Michigan made its NCAA response public this morning, announcing the specifics of its self-imposed sanctions:
- The quality control staff has shrunk by 40% (five to three), and the remaining three staff members will be prohibited from “attending practices, games and coaches’ meetings for the remainder of 2010.” A new NCAA bylaw actually now gives the quality control staff the ability to attend coaches’ meetings, but as part of its punishment, Michigan will not allow that until 2011.
- Michigan will lose 130 hours of practice and training time over the next two years. Because it was determined that Michigan went over the countable athletically related activities (CARA) limit by 65 hours during 2008 and 2009, Michigan decided to punish itself by doubling that number and reducing practice and training time by 130 hours.
- Michigan will be on probation for two years.
That is really it as far as actual penalties go. Seven staff members will be reprimanded for their “responsibility for these violations occurring over an extended period,” including Rich Rodriguez, Mike Barwis, Scott Draper, and a few people in the compliance office. Alex Herron, the quality control staffer that allegedly misled NCAA investigators, was fired months ago.
In addition, Michigan has “taken corrective measures to prevent these or similar violations from occurring in the future.” For example, a new “fail-safe” method of tracking internal matters has already been introduced in order to prevent any potential violations from happening again.
Another part of the response includes some disagreements Michigan has with what the NCAA found and with what the Free Press reported back in August last year.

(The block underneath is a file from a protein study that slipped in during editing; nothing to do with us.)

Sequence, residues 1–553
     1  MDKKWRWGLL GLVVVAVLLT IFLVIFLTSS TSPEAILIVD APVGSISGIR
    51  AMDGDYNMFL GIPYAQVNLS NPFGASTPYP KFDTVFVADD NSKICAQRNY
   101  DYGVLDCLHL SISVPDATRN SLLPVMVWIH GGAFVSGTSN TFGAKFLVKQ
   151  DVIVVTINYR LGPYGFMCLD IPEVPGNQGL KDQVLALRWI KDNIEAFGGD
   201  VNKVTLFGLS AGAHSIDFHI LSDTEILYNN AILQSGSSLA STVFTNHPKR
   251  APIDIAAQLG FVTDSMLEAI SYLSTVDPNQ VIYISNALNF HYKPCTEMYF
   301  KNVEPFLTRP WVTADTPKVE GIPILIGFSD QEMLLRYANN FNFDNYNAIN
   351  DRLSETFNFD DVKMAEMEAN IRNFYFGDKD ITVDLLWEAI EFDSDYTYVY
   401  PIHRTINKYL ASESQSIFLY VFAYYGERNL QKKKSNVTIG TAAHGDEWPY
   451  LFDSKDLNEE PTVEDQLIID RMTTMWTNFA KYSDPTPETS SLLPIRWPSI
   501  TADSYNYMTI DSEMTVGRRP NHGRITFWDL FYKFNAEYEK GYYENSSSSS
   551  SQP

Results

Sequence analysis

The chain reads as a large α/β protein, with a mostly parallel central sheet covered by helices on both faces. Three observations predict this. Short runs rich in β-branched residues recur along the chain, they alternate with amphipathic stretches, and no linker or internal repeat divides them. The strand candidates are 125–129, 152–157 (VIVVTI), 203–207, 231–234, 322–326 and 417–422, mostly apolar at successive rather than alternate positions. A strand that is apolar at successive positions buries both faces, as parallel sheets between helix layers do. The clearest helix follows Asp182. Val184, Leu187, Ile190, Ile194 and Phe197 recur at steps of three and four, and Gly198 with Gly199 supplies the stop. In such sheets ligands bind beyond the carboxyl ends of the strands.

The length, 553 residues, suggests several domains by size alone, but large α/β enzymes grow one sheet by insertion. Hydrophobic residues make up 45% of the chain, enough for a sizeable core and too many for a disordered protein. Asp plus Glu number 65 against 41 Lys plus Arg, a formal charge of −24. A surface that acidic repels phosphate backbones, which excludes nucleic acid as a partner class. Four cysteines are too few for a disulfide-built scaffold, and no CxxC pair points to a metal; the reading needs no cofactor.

• U-M disagrees with the NCAA enforcement staff that Rodriguez failed to promote an atmosphere of compliance within the football program. The information gathered during the investigation demonstrates that Rodriguez has been committed to both compliance with NCAA bylaws and with the academic success of his student-athletes during his time at the university. Rodriguez has been responsive to direct requests from the compliance and academic support staffs.
• U-M found no evidence of student-athlete abuse, nor any evidence that its employees disregarded student-athlete welfare. This is in stark contrast to early media reports.• While U-M could be considered a repeat violator as a result of a May 8, 2003, men’s basketball case, the institution does not believe it is warranted in this instance.
Michigan obviously admits that violations occurred and is punishing itself for those violations. However, Michigan also feels pretty strongly about how much the Free Press misrepresented what actually happened.
“The University is satisfied that the initial media reports are greatly exaggerated if not flatly incorrect.”
While the Free Press’ investigation was already determined to be very inaccurate and completely off base in some instances, it’s interesting that Michigan commented about it. They didn’t specifically call out the Free Press, but it’s obvious that’s who they were talking about in the quote above.
Anyways, going back to the self-imposed sanctions, the early returns are that Michigan “slapped itself on the wrist.” The sanctions announced are basically what I was expecting, although I was a bit surprised that there were no scholarship reductions. I felt that it was possible Michigan could lose an assistant coach spot for a year or two, but it lost a couple quality control staffers instead.
All in all, these sanctions aren’t too bad. Losing 130 hours of practice time over the next two years stinks, but that’s much better than some of the alternatives to deal with the violations, such as losing numerous scholarships or being banned from the postseason or whatever.
Michigan’s hearing with the NCAA Committee on Infractions is set for August 13-14. The Committee on Infractions will then later determine if the self-imposed sanctions are enough or if additional sanctions are needed. Michigan put their response together with the hope that their self-imposed sanctions would satisfy the NCAA Committee on Infractions, so let’s hope that ends up happening. The last thing Michigan needs to worry about now is having the NCAA add to the list of infractions or worse, having the self-imposed sanctions thrown out altogether because they’re too light.
You can find all of the documents included as part of Michigan’s response to the NCAA here.